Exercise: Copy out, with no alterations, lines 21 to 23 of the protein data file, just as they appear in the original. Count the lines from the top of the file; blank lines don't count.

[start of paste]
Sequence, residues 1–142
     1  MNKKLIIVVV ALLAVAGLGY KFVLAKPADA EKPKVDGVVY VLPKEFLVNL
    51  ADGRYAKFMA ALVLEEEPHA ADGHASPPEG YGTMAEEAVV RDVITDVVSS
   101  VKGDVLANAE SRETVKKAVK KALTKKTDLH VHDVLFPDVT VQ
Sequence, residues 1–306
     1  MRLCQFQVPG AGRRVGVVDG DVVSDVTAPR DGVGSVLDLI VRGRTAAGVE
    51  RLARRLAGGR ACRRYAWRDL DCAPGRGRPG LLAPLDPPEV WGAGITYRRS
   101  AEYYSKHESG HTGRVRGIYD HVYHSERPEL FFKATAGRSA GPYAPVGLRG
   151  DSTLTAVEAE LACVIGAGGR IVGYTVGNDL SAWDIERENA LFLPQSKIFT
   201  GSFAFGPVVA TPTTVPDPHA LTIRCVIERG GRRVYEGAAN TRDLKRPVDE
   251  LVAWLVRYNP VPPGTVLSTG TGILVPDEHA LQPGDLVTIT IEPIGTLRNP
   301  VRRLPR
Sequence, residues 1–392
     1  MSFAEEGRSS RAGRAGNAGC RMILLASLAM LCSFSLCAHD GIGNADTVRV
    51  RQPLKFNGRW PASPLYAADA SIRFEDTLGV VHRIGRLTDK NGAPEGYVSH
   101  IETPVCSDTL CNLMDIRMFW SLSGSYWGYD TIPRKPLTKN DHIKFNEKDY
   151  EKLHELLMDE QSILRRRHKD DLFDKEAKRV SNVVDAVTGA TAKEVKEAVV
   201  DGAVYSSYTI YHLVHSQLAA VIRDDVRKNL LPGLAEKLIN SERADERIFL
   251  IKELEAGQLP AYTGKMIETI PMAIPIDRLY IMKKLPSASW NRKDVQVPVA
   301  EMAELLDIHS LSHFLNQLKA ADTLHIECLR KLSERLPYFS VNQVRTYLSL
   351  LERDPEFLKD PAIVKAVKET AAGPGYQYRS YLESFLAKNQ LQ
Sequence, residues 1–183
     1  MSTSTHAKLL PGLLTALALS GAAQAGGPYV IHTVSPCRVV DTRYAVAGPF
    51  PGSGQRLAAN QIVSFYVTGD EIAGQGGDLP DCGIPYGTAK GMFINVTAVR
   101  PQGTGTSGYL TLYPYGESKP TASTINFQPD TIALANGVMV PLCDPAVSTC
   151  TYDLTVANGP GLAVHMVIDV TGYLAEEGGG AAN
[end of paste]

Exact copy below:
   351  LERDPEFLKD PAIVKAVKET AAGPGYQYRS YLESFLAKNQ LQ
Sequence, residues 1–183
     1  MSTSTHAKLL PGLLTALALS GAAQAGGPYV IHTVSPCRVV DTRYAVAGPF